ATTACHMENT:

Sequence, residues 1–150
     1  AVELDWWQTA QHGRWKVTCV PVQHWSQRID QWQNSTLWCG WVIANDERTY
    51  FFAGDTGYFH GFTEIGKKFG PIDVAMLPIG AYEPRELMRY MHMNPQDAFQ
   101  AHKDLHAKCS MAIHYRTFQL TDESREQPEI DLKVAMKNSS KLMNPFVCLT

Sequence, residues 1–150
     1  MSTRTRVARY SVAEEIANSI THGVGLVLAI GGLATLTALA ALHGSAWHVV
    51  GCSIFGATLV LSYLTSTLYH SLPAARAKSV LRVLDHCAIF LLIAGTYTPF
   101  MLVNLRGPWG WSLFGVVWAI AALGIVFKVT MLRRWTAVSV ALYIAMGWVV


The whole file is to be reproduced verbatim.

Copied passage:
Sequence, residues 1–150
     1  AVELDWWQTA QHGRWKVTCV PVQHWSQRID QWQNSTLWCG WVIANDERTY
    51  FFAGDTGYFH GFTEIGKKFG PIDVAMLPIG AYEPRELMRY MHMNPQDAFQ
   101  AHKDLHAKCS MAIHYRTFQL TDESREQPEI DLKVAMKNSS KLMNPFVCLT

Sequence, residues 1–150
     1  MSTRTRVARY SVAEEIANSI THGVGLVLAI GGLATLTALA ALHGSAWHVV
    51  GCSIFGATLV LSYLTSTLYH SLPAARAKSV LRVLDHCAIF LLIAGTYTPF
   101  MLVNLRGPWG WSLFGVVWAI AALGIVFKVT MLRRWTAVSV ALYIAMGWVV